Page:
A Casper native has been indicted and arrested in Colorado for theft and securities fraud of more than $16 million, according to the Colorado Department of Regulatory Agencies.

Kelly Schnorenberg, 56, now of Lone Tree, Colo., was indicted last Thursday by a Colorado State Grand Jury and charged with two counts of theft -- one over $20,000 and one over $1 million -- and 37 felony counts of securities fraud, department spokeswoman Jillian Sarmo said today.

Schnorenberg's bond was initially set at $1 million and was reduced to $125,000 during his court appearance today. He remains in custody in a Douglas County, Colo., jail. His next court date has not been set, Sarmo said, adding he is presumed innocent until proven guilty. If proven guilty, he faces substantial prison time, she said.

The indictment comes seven months after Denver District Court Judge Karen Brody issued a preliminary injunction in August prohibiting Craig Kahler of Casper, and Schnorenberg and his KJS Marketing Inc., from offering financial products in Colorado. Several people in Wyoming have alleged Schnorenberg defrauded them.

Kahler could not be reached for comment.

Kelly Janes, director the compliance division of the Wyoming Secretary of State, said her office assisted Colorado and federal authorities in their investigation. Since K2 Radio first reported the story in August, her office has not received reports from any Wyoming residents about alleged financial issues with Schnorenberg, Kahler or their companies, she said.

The charges in Colorado last week arose from the alleged fraudulent acquisition of more than $16 million from 245 known investors throughout the United States over six years. Schnorenberg never held a securities license in Colorado, according to court records.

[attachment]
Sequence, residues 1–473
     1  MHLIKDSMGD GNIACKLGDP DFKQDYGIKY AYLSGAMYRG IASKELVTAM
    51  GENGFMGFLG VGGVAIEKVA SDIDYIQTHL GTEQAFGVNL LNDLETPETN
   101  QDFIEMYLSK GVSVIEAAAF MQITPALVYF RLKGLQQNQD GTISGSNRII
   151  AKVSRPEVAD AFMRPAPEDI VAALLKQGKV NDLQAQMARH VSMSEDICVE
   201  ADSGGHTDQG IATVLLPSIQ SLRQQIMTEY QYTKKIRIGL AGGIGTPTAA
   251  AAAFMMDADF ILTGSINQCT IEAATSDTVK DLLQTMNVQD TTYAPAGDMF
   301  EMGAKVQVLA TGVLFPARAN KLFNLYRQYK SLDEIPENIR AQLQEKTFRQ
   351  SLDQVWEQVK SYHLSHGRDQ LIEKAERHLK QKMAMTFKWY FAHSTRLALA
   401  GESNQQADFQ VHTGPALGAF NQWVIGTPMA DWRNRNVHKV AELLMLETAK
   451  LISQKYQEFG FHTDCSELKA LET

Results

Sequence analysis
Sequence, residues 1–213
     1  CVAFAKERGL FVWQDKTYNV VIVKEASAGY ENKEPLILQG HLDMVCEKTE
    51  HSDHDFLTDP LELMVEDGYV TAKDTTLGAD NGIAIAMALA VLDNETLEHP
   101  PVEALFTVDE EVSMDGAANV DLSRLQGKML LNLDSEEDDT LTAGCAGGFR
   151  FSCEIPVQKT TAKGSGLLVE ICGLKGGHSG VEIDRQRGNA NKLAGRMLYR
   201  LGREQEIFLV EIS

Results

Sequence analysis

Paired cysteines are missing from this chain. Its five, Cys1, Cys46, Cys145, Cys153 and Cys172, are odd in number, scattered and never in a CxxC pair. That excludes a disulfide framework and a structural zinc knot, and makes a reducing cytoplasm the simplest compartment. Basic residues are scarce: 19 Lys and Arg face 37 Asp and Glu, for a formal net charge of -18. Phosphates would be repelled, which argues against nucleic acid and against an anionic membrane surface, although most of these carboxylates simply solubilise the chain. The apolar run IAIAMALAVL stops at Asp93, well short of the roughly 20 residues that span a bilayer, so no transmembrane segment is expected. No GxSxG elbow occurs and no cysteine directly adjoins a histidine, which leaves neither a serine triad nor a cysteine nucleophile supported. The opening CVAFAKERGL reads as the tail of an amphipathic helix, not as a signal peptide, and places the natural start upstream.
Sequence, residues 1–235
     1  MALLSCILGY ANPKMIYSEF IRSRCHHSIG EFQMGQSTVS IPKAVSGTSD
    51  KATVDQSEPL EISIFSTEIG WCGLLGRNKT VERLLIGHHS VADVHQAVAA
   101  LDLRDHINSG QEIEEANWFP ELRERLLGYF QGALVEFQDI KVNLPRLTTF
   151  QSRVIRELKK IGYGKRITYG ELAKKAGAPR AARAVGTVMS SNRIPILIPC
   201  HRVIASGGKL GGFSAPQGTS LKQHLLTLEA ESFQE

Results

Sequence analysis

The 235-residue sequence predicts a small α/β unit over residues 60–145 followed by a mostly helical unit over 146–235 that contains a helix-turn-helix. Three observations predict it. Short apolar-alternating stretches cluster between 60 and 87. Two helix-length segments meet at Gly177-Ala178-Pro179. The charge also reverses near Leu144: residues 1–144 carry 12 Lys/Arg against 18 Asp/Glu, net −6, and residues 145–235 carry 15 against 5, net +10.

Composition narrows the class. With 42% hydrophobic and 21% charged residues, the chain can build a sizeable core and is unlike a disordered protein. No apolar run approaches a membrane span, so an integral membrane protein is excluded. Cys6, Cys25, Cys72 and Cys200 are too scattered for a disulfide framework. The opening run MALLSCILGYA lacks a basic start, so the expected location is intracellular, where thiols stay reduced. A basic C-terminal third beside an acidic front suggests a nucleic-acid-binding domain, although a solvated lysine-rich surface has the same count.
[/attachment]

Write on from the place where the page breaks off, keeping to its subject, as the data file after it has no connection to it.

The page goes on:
The indictment alleges Schnorenberg began in 2009 to solicit and accept funds from investors through his company, KJS Marketing. Both directly and through sales representatives, Schnorenberg presented the business opportunity as a pool of investors who would fund companies which sold insurance products. Investors were promised high returns on these companies' profits -- up to 12 percent a year -- with little to no risk.

Schnorenberg, who also set up the insurance companies, and used experienced agents to recruit and train inexperienced agents, according to the indictment. He would offer stipends to help sustain operations until they were self-sufficient, though he often did not follow through with payments.

Most businesses failed, and then Schnorenberg created new ones. Those businesses included Salus Marketing Enterprises, Premier Advantage Insurance Agency, Trinity Affiliated Group, Hegemon Holdings, Quantum Success Strategies, and most recently, WealthSmart America.

As part of the alleged fraud, the companies' representatives were pressured to solicit financial investments. Their pitches did not disclose the true risks, and included false statements and unrealistic profit projections. Capital for these businesses was often solicited despite their impending failure.

Current investors’ money was consistently “rolled over” into new ventures without their consent or knowledge. Investors were further kept in the dark about the millions in debt owed by Schnorenberg, who filed for bankruptcy in 2003, and by KJS.

Much of the invested funds were deposited directly into Schorenberg’s personal bank accounts where they were then withdrawn in cash and used for personal expenses. While the actual businesses generated little income, the vast amount of income that was returned to earlier investors was from new investors.